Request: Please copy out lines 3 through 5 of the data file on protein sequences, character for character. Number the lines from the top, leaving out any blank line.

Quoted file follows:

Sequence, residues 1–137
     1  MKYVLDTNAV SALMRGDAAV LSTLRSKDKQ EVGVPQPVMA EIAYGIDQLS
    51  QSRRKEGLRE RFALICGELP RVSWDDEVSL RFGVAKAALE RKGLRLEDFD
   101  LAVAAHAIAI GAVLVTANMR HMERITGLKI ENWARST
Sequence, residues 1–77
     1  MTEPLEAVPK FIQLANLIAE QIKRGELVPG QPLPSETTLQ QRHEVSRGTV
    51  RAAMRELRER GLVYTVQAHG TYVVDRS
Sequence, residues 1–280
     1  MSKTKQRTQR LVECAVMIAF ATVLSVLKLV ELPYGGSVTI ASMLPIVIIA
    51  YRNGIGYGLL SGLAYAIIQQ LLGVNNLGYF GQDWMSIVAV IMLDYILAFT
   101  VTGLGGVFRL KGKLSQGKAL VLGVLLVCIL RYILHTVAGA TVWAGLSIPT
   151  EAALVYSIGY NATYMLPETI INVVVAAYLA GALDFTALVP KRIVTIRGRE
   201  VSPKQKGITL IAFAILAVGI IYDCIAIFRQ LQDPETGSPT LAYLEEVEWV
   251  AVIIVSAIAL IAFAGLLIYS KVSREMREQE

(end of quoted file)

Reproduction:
    51  QSRRKEGLRE RFALICGELP RVSWDDEVSL RFGVAKAALE RKGLRLEDFD
   101  LAVAAHAIAI GAVLVTANMR HMERITGLKI ENWARST
Sequence, residues 1–77